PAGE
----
Darryl Wilkinson

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Darryl Wilkinson Posted: Jan 13, 2012 0 comments
British speaker maker, VIBE (Vented Innovative Bass Enclosures), showed off some interesting hybrid in/on-wall speakers. The PICS (Picture Integrated Cinema Speakers) speaker cabinets are designed to extend into the wall in much the same way that a traditional in-wall speaker would, except the remainder of the speaker extends another inch or two out from the wall. In order to stealthify the speakers, they come with a basic picture frame bezel and a black, acoustically transparent grille cloth. The frame can be painted, or you can go to your local frame dealer and have a frame of your own made. VIBE says customers can choose from a number of images or submit their own image for printing on the grille cloth. Unlike other manufacturers who make art/photo grille clothes, VIBE fuses the image into the cloth. The process is supposed to maintain the acoustically transparent properties of the cloth. According to VIBE, traditional screen printing on grille cloth significantly changes the acoustic properties of the cloth.

Currently, PICS are not available in the U.S. due to a lack of distribution, but the company does intend to bring them to America. While pricing on the entire line was unavailable, the large grille-less speaker in the middle of the photo above sells for around $4,000/ea.

Darryl Wilkinson Posted: Sep 18, 2006 0 comments
Is it possible to improve the greatest invention since the wheel?

If I needed any additional proof of the iPod's ubiquitous nature, I found it the other day when my son pointed out a state trooper with an iPod stuffed into his uniform shirt pocket and telltale white earbuds popped in his ears. I'm sure the trooper was perfectly capable of doing his law-enforcing job whilst enjoying a tune or two, but the thought of state troopers packing iPods gave me pause. What's next? Carthusian monks contemplating God's gift of the click wheel while rocking out to some Gregorian chant?

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Darryl Wilkinson Posted: Jan 08, 2014 0 comments
One of the most exciting products I’ve seen so far at CES2014 bills itself as “the first home security and automation device that combines panoramic video, Z-Wave home automation and environmental sensors into a single elegant product that you interact with on your smartphone or tablet.” Or, as the company says, “Piper is the new way to monitor and interact with your home.” Piper has an extremely impressive array of features, including three customizable security modes with a motion detector, two-way audio, and 105 dB built-in siren; full Z-Wave compatibility allowing use of a huge variety of Z-Wave home automation-oriented accessories; an HD Panoramic camera with a 180-degree fisheye lens that offers pan, tilt, and zoom in 1080p; built-in environmental sensors for temperature, humidity, ambient light, and sound; 802.11 b/g/n Wi-Fi connectivity; as well as Android and iOS smartphone and tablet apps for controlling the system. The user interface is clean and intuitive. Piper is available for pre-order now and is expected to begin shipping by the end of January 2014 for $239. There are no monthly or other recurring service fees.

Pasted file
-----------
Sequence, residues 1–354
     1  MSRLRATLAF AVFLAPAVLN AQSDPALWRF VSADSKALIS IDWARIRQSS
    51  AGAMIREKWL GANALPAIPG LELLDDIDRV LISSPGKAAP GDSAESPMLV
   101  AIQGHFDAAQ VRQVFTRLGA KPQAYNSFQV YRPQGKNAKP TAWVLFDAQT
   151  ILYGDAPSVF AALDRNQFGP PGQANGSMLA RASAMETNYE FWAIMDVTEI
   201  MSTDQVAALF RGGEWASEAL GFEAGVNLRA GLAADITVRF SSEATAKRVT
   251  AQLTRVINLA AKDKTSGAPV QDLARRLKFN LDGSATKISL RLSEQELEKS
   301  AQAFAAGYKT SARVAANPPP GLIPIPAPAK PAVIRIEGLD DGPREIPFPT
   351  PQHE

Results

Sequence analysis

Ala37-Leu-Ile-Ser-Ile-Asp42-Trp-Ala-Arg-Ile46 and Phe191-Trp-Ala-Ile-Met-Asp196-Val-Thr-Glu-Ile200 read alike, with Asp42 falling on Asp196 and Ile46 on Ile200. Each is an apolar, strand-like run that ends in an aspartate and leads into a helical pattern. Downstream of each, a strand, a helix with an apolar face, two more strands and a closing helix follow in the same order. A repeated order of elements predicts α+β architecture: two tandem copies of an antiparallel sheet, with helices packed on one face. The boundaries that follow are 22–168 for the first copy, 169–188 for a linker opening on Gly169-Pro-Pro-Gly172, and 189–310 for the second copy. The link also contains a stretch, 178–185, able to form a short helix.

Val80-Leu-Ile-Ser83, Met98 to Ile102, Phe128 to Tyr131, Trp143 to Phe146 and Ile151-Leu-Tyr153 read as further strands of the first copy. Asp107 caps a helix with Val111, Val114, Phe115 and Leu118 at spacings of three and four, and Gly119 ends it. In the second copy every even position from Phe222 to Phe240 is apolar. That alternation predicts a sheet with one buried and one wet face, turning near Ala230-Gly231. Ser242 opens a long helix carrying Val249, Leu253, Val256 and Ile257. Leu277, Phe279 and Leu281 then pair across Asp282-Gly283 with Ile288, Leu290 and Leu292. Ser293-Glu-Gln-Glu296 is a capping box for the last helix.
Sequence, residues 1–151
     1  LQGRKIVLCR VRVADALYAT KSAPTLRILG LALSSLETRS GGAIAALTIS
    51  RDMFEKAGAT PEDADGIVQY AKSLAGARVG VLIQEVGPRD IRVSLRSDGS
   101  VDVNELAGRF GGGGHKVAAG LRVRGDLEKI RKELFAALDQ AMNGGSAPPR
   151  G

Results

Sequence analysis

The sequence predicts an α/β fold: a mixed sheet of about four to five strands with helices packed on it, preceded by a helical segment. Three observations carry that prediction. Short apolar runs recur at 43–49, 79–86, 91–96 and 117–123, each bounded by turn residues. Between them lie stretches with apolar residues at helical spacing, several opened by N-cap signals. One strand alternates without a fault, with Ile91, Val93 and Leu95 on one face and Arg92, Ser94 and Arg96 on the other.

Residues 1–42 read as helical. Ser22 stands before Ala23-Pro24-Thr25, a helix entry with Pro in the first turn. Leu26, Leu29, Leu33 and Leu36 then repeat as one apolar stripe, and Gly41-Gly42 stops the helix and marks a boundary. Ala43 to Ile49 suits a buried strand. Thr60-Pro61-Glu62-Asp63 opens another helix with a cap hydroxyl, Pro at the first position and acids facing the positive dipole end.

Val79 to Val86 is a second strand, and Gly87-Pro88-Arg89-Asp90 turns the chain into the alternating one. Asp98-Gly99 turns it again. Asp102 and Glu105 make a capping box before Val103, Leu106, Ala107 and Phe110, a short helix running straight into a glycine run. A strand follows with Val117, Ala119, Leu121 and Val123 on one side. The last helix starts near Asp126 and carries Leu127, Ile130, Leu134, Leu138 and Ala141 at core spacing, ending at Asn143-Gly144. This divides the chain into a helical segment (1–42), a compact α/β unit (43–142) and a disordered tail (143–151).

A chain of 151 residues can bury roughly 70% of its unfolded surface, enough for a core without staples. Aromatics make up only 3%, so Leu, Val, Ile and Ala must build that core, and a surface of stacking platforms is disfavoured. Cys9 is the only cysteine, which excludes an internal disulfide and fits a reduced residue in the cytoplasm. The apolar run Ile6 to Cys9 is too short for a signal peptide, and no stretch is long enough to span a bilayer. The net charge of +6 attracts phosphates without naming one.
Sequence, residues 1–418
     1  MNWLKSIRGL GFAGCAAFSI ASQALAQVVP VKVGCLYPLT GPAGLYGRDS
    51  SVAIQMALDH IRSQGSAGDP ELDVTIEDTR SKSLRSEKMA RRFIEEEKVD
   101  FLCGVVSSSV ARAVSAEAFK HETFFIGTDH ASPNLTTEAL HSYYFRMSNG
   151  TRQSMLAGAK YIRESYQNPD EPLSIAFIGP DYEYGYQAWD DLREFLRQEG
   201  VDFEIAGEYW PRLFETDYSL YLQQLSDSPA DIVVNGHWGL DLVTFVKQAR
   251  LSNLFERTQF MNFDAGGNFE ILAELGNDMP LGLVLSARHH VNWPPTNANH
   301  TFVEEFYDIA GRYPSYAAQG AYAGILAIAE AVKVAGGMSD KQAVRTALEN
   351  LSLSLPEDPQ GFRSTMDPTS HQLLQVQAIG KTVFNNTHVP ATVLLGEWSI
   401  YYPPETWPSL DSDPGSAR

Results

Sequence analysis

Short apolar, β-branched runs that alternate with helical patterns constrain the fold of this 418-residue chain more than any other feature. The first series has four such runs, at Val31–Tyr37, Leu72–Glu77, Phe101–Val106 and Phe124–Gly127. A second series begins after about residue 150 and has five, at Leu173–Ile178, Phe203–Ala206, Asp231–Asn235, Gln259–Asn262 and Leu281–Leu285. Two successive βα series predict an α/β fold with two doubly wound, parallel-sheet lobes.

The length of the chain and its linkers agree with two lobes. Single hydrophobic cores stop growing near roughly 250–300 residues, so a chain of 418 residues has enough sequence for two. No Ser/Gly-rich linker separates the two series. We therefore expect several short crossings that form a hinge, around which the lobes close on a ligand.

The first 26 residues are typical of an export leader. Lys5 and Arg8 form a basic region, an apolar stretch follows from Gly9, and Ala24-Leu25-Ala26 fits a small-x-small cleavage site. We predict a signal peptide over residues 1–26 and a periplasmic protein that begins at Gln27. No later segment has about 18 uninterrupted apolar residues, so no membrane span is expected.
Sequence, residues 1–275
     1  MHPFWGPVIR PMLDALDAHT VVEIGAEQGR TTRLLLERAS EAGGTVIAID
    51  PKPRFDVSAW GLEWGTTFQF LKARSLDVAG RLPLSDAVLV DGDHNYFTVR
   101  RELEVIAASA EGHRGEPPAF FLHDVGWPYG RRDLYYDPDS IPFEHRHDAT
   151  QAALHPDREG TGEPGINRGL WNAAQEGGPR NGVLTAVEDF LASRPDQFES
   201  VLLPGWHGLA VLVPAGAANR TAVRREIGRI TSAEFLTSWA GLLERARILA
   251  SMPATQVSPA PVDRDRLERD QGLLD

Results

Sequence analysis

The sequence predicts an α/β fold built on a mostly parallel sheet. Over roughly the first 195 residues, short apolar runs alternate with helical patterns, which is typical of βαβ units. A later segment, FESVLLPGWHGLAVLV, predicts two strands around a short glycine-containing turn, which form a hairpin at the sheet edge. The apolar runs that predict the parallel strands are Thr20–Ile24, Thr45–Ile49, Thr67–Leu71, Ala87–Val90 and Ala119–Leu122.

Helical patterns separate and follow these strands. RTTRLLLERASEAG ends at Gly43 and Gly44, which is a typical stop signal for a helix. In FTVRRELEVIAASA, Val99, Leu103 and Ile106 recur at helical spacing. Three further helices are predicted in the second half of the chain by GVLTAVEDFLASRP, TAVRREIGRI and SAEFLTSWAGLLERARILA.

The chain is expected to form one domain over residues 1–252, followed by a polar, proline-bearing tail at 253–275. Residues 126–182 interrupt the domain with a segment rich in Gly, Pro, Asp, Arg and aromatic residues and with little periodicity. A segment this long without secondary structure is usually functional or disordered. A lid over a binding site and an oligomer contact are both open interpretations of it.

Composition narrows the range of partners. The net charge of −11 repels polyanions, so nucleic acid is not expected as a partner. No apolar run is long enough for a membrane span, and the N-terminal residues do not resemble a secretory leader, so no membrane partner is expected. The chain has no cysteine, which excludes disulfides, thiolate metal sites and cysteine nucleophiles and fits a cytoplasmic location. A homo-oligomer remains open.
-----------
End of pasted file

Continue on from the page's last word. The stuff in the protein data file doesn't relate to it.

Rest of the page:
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Darryl Wilkinson Posted: Aug 13, 2005 0 comments
After releasing a study pounding the misperception that plasma TVs aren't perfect - at least the notion that they're not as good as other non-CRT based TVs - Pioneer announced two new high-def plasmas in addition to a couple of newfangled Pioneer Elite plasma HDTVs.
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Darryl Wilkinson Posted: Jan 11, 2013 0 comments
Plex is a media server and suite of apps for your computer, mobile devices, a variety of connected devices that helps you access and control your local and online media from just about anywhere and easily share it with friends and family. There are specific versions of Plex apps for Roku boxes, LG TVs, Samsung TVs, and Google TV. If it really is the “bacon of media apps”, though, digital-media-savvy vegetarians are going to be left out.